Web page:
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"Bunny Modern"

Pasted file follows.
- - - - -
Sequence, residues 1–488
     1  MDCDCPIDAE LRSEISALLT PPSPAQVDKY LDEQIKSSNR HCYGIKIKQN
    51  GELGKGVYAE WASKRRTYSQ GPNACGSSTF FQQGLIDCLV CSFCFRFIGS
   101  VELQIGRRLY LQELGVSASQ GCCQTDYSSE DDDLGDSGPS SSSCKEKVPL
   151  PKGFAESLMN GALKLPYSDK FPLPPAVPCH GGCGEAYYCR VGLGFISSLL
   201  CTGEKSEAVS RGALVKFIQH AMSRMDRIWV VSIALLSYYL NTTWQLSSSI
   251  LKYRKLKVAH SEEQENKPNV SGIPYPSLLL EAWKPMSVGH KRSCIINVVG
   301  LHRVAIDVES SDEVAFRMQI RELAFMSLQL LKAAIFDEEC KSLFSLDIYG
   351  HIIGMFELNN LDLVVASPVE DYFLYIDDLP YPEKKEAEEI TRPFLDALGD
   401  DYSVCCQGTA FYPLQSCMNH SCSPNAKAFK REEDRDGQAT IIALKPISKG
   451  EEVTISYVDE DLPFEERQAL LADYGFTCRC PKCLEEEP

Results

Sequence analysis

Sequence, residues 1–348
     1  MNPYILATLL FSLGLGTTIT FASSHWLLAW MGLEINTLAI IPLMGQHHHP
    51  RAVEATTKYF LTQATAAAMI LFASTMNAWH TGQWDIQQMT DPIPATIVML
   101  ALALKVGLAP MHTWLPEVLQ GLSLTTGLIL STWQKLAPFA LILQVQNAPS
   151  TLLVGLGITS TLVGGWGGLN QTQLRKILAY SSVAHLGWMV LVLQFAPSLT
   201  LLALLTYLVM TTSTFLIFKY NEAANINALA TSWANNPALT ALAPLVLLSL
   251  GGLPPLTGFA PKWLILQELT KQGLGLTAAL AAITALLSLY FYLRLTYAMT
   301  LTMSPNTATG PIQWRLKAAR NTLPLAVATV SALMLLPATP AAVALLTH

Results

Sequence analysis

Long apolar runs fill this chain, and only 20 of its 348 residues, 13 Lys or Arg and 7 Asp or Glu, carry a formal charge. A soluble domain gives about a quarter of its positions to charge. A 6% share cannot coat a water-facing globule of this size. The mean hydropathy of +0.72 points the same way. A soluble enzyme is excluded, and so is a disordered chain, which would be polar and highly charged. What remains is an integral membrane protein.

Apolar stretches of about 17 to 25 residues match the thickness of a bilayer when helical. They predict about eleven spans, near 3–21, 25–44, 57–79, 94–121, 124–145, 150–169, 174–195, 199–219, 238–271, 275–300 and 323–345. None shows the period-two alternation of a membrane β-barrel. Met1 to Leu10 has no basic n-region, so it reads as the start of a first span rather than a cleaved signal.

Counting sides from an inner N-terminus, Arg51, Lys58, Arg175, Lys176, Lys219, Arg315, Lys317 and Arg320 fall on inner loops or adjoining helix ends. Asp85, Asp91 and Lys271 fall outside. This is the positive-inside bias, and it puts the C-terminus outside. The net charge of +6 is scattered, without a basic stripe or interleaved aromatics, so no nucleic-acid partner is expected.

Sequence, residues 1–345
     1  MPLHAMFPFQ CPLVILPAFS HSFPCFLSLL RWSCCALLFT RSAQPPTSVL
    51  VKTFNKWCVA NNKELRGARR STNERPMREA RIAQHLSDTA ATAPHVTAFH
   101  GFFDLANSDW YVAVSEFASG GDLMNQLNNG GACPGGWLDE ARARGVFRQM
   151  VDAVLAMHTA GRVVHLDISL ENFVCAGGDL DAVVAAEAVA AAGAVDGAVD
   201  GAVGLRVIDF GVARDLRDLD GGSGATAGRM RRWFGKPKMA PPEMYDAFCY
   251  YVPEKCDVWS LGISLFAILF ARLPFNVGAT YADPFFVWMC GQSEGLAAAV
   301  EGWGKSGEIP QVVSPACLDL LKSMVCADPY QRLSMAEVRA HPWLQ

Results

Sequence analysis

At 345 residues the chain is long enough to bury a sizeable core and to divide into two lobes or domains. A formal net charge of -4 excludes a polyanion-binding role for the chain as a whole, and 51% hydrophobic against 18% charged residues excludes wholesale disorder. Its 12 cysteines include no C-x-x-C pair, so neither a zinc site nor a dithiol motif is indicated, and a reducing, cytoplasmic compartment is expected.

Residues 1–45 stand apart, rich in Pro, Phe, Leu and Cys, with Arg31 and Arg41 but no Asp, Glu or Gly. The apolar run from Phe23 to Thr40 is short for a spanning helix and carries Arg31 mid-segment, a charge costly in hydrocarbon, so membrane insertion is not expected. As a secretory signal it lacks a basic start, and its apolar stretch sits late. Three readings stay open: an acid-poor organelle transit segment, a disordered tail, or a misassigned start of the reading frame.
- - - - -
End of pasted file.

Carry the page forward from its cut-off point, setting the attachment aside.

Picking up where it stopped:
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For a review of David Bowman’s Bunny Modern (Little, Brown; $21.95) to avoid the words pistol-packing nanny would be an insult to the spirit of Bowman’s futuristic farce. His nannies pack Glocks, Colts, even sawed-off shotguns, all in the name of baby protection. Conception has become so rare, in the book’s darkened America, that the few babies there are squall under constant threat of kidnapping. The hardened child-care providers snort Vengeance, a drug designed to produce tough-love schizophrenia: While they will lay down their lives for their charges, these nannies hate the sight of a nappy. It gets zanier, and more cutting, from there, as Bowman introduces Lit Wear (best garment: an “I Could Not Stop for Death” blouse); the dancing Lindy family; and a mind-meld technique known as sheldraking. Like Mark Leyner without the dirty jokes, or Mark O’Donnell without the camp, Bowman is spinning a future out of our worst nightmares of pretension.


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